Abstract

Ouaga Saga (2004), a popular rags-to-riches comedy, uses representations of the city, youth culture, and cinema to set the stage for a modern magical saga by Burkinabè director Dani Kouyaté. This article examines how magical realism can be harnessed as a tool for postcolonial cinema. It argues more specifically how magical realism assuages violence in the urban center Kouyaté depicts and renders visible the postcolonial politics in the everyday lives of a group of resourceful boys, their family, and neighborhood.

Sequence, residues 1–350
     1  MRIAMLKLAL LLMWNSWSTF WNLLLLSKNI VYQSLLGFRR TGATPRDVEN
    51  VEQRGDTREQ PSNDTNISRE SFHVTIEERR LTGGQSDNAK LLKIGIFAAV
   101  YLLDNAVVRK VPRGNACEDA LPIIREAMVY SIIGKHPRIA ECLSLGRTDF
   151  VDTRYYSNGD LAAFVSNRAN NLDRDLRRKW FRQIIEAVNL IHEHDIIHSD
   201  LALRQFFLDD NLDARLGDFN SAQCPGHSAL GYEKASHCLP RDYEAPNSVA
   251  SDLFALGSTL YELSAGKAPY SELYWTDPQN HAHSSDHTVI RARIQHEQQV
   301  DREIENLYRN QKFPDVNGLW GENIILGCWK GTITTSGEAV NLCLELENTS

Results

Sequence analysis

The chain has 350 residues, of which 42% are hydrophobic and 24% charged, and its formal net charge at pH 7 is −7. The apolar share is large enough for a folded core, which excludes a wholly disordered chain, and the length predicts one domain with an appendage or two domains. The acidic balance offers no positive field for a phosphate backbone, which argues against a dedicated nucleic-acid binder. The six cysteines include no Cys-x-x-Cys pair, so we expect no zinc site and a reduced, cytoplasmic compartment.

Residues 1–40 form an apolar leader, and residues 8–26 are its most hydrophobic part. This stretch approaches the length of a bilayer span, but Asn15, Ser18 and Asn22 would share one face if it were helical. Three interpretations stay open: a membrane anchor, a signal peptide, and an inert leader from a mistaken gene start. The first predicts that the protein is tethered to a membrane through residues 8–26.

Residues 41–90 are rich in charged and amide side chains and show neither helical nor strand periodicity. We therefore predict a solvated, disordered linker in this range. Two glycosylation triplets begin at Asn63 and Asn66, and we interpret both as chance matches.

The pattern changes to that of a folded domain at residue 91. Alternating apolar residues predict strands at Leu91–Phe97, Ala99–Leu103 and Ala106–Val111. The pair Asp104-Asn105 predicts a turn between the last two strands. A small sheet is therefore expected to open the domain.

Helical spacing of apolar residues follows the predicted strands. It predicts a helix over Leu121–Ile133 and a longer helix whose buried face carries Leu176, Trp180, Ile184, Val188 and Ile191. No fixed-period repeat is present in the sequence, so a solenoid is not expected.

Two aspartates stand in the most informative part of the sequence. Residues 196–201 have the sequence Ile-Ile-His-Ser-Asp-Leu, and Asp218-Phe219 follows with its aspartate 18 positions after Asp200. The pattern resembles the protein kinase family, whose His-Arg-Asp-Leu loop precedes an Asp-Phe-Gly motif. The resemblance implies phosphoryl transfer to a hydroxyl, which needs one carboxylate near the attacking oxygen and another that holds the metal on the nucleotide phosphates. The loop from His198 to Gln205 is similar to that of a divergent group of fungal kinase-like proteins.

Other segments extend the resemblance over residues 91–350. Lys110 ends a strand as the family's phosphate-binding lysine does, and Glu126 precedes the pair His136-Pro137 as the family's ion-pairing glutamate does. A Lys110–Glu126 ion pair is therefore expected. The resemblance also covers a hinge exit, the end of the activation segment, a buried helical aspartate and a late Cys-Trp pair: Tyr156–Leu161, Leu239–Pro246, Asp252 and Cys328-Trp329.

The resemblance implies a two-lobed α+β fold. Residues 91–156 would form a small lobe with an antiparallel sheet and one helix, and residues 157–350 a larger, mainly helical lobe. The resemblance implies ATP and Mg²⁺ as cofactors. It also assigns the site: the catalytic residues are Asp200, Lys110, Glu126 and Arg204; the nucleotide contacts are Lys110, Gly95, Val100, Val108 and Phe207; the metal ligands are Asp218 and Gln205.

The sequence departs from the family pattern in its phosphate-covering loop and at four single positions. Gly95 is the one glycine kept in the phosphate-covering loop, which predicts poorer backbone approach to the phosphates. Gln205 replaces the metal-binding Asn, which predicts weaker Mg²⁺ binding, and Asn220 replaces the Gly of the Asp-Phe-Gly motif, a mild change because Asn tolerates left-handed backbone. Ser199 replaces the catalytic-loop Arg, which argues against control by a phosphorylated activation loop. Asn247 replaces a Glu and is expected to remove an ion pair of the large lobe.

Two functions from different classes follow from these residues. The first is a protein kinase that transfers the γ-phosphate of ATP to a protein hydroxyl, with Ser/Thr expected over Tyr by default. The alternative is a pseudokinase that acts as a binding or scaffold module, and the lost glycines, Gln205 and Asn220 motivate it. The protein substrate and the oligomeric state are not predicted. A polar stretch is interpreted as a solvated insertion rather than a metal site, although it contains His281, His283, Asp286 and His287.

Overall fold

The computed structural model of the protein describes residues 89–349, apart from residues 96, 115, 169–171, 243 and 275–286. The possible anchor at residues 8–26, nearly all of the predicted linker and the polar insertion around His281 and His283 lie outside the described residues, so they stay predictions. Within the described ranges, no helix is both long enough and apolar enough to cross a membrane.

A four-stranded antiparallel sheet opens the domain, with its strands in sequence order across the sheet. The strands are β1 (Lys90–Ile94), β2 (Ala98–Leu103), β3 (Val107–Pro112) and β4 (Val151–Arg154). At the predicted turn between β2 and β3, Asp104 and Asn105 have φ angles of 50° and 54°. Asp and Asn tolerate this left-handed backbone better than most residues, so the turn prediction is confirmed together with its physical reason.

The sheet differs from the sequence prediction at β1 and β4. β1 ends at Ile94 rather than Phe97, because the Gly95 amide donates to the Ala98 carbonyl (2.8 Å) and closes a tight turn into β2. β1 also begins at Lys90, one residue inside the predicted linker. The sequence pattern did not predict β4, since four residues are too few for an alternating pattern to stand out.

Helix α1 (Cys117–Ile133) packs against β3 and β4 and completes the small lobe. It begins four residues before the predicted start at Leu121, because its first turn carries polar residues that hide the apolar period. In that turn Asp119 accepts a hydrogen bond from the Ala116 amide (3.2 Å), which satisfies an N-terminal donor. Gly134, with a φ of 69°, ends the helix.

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Additional Information

ISSN
1527-2044
Print ISSN
0034-5210
Pages
pp. 40-57
Launched on MUSE
2008-11-12
Open Access
No
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